“The coronavirus pandemic is a public health emergency. But it is also an economic emergency… This national effort will be underpinned by government interventions in the economy on a scale unimaginable only a few weeks ago. This is not a time for ideology and orthodoxy… We will support jobs, we will support incomes, we will support businesses, and we will help you protect your loved ones. We will do whatever it takes.”
UK Chancellor of the Exchequer Rishi Sunak 18/3/2020
The first quarter felt biblical. There were fires in Australia, floods in the UK, and even a plague of locusts in Africa and Asia. Overwhelming all these though was the Covid-19 virus that started in Wuhan in China, and has since swept through the world in a remarkably short time. It led to entire economies being shut down with billions of people in lockdown, causing an enormous shock to both supply and demand. In effect a serious recession has been mandated to control the disease. The ferocity of this shock sent stock markets crashing, corporate bonds tumbling, credit markets seizing up, in contrast to Sovereign bond markets which soared as investors fled to them for their safe haven status. As an indication of the turmoil, in three days the Dow Jones experienced two of its ten largest ever daily declines. Governments struggled to respond to the most severe healthcare crisis since the Spanish flu a hundred years ago, and have enacted emergency measures to try and support their economies. Stimulus packages that dwarfed those made in response to the 2008 financial crisis were announced in a stampede of decision making, which will cost trillions. Effectively governments in the short term have nationalised the payrolls of large sections of the economy. Adding further confusion was the collapse in March of the negotiations between OPEC and Russia which led to the oil price collapsing. The short term effects of the virus are dramatic, but the longer term effects may be equally profound.
A pandemic creates an unusual economic shock because it hits supply first. A closed factory or quarantined workforce cannot make products no matter how many people want to buy them. Lower interest rates do nothing to free up halted supply chains or top up the income of the idled worker. Fiscal packages do nothing to help a closed restaurant. With everyone in isolation consumer spending stops, so the crisis becomes a demand shock. The virus creates the bizarre circumstance where governments need to suppress economic activity to protect public health. The uncertainty that this engenders kills investment and spending, which is the life blood of commercial activity. Covid-19 has been compared to the SARS crisis of 2003 but that was confined mostly to China and HK, and China was then smaller and less integrated into the world economy. In future one can see that the eruption and rapid spread of new diseases, with the accompanying panic and economic dislocation, will raise fears over complex multinational supply chains, and so will add to President Trump’s calls for more industrial activity to be returned to the West for security reasons. Nonetheless the extreme measures that governments have taken mean that the virus will be brought under control. China’s draconian restrictions have achieved that already, and in Italy the number of new cases is decelerating. The one place where we can pin down accurate data is the cruise ship Diamond Princess because it was a closed environment. The salient facts are that 80% of those on board were not infected; 75% of those infected have recovered; 0.2% of the total on board have died, and they were all elderly. One mercy of this virus is that generally it spares the young. The key risk going forward will be whether a second wave of cases occur as activity restarts. Almost certainly the economic recovery will be slow because the return to normal activity will have to start gently, as that is the only way to minimise the risk of a second outbreak. Meanwhile besides the human cost of this disaster, markets will be left to appraise the economic damage. How much is permanent and how much can be salvaged? Restaurants, the entertainment industry, most small businesses and highly indebted companies will suffer a terrible toll, though government packages are trying to offset this. Much depends on how quickly economic activity can fully resume, and that depends on how quickly the virus can be contained. At that point attention will turn to government balance sheets which are having to support this relief effort. In many cases these balance sheets were already stretched from the policies dating from the 2008 Financial Crisis.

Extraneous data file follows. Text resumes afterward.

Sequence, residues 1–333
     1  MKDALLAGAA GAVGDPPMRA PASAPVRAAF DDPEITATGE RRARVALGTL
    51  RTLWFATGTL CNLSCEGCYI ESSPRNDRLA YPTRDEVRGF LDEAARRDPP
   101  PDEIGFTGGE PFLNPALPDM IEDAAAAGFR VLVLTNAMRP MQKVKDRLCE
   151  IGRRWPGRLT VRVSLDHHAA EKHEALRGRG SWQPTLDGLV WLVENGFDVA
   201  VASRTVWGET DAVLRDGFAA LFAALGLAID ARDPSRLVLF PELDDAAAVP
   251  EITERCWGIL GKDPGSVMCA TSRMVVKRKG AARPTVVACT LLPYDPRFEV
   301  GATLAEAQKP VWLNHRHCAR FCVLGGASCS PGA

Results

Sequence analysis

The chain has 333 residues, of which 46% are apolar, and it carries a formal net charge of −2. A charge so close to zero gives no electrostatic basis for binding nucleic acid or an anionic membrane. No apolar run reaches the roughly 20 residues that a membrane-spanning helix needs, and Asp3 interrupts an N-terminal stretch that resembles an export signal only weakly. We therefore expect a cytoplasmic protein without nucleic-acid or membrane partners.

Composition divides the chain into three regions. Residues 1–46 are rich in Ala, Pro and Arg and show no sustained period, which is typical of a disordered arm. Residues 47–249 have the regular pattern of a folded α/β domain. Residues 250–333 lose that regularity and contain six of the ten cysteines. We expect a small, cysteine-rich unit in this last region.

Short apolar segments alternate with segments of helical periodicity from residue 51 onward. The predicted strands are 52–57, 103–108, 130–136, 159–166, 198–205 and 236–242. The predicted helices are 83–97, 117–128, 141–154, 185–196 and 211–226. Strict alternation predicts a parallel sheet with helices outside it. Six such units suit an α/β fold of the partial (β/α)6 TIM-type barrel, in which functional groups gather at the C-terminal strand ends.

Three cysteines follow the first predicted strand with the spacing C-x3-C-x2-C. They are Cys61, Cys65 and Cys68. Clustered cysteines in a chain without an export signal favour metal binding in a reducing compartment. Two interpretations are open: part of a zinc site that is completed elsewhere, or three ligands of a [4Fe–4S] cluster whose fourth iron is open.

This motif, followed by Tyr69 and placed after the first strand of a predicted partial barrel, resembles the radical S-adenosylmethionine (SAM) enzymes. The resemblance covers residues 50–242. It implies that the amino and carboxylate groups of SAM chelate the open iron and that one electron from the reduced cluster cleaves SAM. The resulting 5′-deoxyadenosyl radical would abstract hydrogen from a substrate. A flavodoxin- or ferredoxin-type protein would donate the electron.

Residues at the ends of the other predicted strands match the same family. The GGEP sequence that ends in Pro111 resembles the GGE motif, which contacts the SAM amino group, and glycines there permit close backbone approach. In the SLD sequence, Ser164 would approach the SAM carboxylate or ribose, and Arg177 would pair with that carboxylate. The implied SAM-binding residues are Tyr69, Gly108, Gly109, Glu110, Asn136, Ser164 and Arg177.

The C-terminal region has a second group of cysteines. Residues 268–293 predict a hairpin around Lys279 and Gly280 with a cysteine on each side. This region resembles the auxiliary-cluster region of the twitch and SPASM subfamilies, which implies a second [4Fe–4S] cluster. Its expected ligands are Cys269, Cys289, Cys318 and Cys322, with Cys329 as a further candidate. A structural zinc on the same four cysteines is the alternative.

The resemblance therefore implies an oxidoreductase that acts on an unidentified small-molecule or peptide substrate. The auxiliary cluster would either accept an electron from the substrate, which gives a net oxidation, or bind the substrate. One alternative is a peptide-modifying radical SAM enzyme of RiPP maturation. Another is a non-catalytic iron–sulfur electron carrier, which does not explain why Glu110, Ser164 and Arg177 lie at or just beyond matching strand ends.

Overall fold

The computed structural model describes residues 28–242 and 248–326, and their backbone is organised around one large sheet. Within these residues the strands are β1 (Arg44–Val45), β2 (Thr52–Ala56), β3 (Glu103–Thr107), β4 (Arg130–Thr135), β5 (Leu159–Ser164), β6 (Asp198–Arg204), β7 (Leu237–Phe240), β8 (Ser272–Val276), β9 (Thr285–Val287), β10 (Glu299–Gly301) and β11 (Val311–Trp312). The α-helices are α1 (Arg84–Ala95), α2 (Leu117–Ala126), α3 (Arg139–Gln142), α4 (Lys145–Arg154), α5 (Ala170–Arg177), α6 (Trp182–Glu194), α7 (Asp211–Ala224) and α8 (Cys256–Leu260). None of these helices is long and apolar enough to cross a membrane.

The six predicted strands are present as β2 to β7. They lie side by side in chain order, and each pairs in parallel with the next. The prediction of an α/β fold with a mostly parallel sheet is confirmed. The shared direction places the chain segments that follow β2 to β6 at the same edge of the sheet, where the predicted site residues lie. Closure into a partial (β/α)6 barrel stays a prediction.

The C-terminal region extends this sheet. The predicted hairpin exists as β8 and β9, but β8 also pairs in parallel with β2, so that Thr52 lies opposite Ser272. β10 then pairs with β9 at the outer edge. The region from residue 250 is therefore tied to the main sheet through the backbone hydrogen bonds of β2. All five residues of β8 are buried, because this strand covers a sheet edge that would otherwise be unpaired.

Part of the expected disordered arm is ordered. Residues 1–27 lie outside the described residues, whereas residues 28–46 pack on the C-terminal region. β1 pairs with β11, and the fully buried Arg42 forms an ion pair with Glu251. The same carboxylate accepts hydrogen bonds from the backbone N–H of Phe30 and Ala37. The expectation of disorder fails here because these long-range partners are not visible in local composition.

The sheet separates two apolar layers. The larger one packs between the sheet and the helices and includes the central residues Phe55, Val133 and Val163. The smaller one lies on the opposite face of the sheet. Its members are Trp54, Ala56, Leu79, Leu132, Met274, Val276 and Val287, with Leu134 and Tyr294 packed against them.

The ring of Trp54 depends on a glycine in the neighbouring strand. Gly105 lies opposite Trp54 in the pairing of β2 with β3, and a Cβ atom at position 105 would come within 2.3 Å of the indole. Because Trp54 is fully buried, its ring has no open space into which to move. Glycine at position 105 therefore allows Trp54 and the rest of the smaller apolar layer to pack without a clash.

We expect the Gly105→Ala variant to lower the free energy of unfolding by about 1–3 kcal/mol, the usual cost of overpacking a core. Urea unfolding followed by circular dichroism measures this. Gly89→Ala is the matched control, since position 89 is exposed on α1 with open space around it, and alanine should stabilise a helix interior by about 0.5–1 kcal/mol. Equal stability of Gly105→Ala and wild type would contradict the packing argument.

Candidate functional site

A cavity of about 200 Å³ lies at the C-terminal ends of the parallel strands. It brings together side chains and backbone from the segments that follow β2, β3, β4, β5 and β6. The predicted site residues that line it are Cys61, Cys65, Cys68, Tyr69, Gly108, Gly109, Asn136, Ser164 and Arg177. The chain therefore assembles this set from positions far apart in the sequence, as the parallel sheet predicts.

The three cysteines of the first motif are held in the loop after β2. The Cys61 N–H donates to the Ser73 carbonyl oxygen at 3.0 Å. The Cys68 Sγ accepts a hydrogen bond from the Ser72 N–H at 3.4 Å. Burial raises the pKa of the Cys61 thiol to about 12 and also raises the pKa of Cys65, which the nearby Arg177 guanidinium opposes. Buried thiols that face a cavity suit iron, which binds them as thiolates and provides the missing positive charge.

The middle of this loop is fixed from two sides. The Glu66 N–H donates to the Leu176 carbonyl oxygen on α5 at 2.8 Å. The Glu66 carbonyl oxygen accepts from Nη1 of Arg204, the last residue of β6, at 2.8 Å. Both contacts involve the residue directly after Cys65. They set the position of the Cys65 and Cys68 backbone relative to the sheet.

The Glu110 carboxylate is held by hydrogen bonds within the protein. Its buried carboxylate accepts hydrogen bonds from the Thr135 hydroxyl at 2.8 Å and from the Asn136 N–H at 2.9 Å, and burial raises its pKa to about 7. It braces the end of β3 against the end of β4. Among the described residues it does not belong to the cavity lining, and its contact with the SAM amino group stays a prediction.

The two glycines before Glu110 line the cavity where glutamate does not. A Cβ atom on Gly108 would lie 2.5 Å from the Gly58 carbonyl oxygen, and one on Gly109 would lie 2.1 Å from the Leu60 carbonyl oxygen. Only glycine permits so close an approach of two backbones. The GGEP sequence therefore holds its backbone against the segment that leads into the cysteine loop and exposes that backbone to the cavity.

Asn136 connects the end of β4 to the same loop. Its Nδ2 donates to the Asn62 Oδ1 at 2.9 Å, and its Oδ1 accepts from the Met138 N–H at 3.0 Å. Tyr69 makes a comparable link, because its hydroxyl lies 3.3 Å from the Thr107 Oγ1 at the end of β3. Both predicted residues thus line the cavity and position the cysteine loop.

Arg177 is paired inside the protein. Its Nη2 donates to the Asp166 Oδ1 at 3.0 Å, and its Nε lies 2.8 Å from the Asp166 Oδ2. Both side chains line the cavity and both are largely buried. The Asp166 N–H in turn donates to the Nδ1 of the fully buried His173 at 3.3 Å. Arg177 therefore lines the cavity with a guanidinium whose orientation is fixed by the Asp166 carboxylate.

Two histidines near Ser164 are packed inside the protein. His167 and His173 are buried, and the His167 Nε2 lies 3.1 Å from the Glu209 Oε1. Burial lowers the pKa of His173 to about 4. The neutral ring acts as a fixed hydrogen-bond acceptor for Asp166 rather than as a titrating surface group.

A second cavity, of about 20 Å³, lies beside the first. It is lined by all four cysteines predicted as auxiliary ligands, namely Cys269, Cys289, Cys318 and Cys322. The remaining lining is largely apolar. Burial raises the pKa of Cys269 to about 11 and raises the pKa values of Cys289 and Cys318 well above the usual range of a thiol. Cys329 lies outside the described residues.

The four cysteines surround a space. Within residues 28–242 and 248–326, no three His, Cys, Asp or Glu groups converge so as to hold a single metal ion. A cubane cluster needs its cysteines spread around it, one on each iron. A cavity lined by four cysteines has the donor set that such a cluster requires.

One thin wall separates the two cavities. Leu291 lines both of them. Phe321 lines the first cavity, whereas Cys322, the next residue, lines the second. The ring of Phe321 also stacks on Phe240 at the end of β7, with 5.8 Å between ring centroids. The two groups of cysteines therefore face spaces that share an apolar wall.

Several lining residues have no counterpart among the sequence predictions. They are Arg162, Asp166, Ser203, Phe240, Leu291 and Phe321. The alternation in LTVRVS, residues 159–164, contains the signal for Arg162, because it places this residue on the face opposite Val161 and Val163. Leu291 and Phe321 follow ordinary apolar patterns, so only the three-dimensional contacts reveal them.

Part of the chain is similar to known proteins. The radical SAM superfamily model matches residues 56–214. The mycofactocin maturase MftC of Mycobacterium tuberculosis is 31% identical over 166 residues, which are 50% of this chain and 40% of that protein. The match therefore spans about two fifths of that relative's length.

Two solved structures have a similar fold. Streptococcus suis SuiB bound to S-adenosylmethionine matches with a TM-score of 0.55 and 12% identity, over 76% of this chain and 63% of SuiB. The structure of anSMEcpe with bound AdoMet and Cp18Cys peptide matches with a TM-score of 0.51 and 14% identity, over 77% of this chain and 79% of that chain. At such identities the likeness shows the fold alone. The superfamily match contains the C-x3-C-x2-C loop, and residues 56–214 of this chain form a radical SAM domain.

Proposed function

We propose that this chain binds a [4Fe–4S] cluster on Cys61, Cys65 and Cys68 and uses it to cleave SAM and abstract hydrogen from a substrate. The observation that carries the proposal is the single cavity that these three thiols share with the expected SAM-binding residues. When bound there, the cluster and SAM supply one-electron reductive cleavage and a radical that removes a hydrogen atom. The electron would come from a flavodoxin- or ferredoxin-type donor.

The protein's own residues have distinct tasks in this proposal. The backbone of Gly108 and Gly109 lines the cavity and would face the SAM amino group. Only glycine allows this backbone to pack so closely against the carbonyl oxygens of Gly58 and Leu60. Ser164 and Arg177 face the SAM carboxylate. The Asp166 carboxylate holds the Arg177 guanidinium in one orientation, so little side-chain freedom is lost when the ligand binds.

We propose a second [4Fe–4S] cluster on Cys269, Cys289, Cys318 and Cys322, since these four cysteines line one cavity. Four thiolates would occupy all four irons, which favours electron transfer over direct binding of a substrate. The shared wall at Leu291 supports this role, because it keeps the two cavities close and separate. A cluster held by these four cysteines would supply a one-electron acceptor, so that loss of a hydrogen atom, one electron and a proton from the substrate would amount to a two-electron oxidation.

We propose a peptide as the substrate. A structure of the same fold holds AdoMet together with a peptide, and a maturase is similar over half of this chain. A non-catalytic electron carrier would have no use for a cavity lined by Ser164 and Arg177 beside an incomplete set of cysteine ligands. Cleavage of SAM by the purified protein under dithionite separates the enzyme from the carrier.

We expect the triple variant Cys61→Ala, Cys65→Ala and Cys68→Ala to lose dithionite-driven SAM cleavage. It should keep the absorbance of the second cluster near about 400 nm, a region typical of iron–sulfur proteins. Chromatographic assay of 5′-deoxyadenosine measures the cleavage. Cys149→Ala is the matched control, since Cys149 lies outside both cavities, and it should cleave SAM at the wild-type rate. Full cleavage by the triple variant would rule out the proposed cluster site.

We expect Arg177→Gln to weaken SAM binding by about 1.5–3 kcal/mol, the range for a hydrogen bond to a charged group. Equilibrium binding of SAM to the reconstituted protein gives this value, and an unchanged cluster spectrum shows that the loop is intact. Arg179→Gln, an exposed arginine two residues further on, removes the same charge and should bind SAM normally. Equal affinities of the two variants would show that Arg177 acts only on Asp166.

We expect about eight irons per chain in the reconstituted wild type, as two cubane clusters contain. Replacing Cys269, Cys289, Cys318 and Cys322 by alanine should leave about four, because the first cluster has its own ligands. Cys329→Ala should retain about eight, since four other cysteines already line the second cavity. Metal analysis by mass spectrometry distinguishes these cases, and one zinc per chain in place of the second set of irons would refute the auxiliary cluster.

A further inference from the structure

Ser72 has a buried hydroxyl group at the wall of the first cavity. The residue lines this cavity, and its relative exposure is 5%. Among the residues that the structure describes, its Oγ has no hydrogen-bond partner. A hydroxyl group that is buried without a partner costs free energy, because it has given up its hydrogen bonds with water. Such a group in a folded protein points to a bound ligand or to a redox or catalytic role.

In order to combat the virus governments globally had to undertake extreme measures.
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